At some point in every estate plan consultation, the question comes up:
Why Should I Have a Will?
This question usually comes from someone who has never had to deal with a family member’s estate. They’ve heard about wills. Maybe their co-worker was talking about getting hers redone. Or maybe they read the latest Suze Orman book and realize they don’t have a will. Whatever the reason that brought them to my office, a will is almost always on the discussion agenda.
Some Scary Statistics
The statistics on estate planning in the United States are stark. For example,
- 60% of adults have no estate plan;
- 68% of Americans age 65 and older have a will while only 14% of those under 30 have a will;
- Only 31% of people with income below $30,000 have a will;
- Only 32% of people with a high school education or less have a will.
The socioeconomic and age impacts on who has a will are startling.
Over the years, I’ve heard lots of different excuses as to why people don’t have a will. Some of the more common ones
- Everything will work itself out when I die – It might not!
- I don’t want to upset my family – Leaving them with mounds of probate court paperwork will upset them!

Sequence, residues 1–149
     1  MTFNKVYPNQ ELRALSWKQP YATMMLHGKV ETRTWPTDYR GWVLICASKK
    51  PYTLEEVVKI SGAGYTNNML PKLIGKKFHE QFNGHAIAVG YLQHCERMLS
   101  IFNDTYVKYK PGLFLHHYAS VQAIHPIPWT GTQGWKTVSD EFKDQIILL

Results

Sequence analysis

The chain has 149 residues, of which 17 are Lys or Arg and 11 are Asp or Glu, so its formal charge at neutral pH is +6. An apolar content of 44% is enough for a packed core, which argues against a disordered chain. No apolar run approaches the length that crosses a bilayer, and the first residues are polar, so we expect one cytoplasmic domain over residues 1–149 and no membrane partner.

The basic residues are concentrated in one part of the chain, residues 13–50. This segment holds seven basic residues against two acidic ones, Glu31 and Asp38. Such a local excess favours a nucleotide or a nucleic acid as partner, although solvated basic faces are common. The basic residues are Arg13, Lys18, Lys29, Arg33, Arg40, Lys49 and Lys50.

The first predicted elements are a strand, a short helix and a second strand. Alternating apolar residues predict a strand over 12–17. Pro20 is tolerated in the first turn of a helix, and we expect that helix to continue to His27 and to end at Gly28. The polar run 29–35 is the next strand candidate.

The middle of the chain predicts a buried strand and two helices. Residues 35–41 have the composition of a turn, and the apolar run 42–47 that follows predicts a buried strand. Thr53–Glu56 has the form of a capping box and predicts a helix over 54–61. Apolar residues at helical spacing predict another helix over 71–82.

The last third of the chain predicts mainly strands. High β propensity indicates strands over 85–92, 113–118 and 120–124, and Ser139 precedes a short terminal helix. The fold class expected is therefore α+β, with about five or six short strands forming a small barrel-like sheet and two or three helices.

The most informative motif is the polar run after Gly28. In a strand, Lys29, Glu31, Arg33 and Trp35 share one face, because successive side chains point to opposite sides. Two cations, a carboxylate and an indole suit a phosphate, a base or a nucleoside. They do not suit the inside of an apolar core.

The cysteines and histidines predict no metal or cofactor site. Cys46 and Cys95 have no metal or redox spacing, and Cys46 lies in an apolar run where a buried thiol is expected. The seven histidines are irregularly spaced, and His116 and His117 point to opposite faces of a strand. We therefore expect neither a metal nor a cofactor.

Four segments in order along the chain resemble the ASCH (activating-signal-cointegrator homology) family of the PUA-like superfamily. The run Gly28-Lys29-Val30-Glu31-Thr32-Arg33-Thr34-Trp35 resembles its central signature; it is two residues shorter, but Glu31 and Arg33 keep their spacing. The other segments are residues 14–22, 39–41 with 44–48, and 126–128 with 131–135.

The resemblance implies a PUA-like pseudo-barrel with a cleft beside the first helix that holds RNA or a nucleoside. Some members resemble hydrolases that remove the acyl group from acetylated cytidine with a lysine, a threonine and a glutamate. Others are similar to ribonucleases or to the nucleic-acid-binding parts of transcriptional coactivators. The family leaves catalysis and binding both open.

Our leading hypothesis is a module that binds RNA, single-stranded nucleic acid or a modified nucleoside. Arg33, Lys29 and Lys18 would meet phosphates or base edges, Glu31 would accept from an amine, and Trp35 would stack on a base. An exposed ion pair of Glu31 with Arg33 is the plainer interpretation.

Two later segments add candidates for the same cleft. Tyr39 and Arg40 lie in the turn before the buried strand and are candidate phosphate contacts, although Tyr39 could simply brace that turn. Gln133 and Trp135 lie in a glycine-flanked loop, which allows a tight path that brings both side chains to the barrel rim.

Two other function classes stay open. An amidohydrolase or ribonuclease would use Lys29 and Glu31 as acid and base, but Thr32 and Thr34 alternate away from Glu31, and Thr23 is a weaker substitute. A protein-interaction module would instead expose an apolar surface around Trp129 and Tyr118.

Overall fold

- It will be too much of a hassle – It’s less hassle to do it now!
- There’s no urgent need to do it now – You could be hit by a car after reading this blog post!
- Fear of thinking about or discussing their own death – OK, this is scary. But doing your estate plan gives you at least a little control.
- It costs too much – Compared to what? Tens of thousands of dollars spent on lawyers by your family to sort everything out?
You can probably think of an even more creative reason not to make a will. If you can, feel free to email me and maybe I’ll send you a prize for the most creative reason to avoid a will!
But instead of creating reasons not to, it makes more sense to create a will. As you can see, most of the common excuses are easily overcome.